Postmaster General (PMG) Louis DeJoy told Senate lawmakers Friday that the U.S. Postal Service (USPS) must be “liberated” from long-standing restrictions on how it prices products and services, claiming it has cumulatively lost about $80 billion just from the lack of rate flexibility to respond to changing market conditions.
In his first congressional testimony since becoming PMG June 15, DeJoy also said that USPS is studying ways to make its last-mile parcel services more profitable. There are areas where USPS could “push up” parcel rates, he said, adding that there are “reasonable business gaps that exist” that could be filled by more aggressive parcel pricing measures.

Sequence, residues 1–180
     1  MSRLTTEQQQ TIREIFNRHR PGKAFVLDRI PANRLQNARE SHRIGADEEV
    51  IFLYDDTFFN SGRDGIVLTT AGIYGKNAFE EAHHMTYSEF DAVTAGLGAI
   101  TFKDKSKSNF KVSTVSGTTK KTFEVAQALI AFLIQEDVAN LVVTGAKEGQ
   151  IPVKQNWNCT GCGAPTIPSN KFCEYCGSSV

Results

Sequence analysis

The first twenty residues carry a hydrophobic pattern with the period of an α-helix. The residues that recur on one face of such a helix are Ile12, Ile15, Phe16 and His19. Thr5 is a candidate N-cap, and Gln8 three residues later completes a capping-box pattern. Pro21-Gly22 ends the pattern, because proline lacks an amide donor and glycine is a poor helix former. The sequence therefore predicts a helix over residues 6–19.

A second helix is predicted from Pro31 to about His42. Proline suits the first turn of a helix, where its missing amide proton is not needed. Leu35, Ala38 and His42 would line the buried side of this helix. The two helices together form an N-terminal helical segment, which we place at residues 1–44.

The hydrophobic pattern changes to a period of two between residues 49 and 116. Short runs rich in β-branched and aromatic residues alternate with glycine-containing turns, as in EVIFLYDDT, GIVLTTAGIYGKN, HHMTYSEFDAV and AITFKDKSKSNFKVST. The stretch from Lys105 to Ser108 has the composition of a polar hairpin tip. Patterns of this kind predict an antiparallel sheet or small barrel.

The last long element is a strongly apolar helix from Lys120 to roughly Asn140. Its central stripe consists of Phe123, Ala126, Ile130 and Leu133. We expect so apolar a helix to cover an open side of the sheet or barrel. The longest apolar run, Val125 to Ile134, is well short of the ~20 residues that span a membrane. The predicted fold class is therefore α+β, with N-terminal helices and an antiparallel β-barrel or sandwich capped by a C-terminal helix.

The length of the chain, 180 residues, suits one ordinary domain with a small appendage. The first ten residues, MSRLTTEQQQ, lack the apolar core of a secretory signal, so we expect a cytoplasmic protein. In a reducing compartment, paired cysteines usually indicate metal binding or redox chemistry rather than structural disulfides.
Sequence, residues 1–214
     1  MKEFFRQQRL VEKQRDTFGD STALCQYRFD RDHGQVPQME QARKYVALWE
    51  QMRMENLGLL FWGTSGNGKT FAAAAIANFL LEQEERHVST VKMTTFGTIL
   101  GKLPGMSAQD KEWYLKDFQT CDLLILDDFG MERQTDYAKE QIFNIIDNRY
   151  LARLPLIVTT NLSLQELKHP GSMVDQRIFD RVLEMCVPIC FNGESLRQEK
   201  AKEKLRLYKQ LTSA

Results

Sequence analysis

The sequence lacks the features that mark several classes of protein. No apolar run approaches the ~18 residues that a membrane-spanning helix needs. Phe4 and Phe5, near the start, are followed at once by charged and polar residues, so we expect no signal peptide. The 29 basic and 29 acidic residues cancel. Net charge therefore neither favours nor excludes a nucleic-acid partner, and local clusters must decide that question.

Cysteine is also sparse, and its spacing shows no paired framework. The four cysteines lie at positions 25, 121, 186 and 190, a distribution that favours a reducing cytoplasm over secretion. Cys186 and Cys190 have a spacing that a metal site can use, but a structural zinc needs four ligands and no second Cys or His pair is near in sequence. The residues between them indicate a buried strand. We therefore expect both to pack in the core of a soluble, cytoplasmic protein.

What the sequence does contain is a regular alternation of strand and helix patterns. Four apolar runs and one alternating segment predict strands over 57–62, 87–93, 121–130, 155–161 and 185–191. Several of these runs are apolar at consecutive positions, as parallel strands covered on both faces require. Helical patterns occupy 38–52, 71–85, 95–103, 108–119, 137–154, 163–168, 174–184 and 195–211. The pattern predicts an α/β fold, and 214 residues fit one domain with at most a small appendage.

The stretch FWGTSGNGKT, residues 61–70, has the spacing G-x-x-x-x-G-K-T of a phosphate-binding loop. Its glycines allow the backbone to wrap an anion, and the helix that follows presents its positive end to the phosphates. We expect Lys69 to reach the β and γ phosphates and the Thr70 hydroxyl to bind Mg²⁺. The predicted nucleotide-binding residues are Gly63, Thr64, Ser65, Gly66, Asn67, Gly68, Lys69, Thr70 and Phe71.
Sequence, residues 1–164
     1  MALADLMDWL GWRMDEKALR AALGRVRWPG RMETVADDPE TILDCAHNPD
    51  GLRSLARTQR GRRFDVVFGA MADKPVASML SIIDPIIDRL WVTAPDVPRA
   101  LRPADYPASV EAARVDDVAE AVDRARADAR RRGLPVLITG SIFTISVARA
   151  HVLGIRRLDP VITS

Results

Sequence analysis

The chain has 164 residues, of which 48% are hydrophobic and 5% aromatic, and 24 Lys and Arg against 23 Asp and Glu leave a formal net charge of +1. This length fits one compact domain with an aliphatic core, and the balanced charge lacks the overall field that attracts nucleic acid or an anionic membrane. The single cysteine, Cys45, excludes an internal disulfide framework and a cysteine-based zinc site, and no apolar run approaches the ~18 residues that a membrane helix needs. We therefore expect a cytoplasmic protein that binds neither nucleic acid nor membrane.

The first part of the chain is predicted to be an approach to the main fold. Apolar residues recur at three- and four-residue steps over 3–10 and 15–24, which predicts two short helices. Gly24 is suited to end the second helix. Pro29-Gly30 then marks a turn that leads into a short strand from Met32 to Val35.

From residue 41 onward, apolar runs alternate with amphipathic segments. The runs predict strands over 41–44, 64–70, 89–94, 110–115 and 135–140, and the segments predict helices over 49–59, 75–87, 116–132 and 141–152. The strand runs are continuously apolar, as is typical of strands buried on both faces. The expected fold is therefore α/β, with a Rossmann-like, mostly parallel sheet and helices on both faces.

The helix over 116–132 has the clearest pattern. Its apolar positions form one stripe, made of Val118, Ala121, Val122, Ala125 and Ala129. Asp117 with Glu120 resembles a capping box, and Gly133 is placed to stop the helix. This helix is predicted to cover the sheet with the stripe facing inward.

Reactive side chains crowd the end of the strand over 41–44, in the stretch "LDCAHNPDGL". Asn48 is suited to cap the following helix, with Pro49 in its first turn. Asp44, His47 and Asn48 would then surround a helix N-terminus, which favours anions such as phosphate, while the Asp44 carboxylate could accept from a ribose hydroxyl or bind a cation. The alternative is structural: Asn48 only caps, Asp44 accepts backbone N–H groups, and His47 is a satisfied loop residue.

USPS late last week announced a series of peak-season surcharges on its band of parcel delivery products classified as “competitive,” meaning they aren’t monopolies like first-class mail. The surcharges, if approved by the Postal Regulatory Commission, the agency required to sign off on rate changes, would take effect Oct. 18 and run until Dec. 27. The levies would apply only to commercial users that meet high-volume thresholds. However, analysts have said the increases will be marked up and passed on to merchants, thus increasing their costs during their busiest time of the year. For big users like UPS Inc., by contrast, the surcharges could evolve into a strong profit center due to the expected pass-throughs.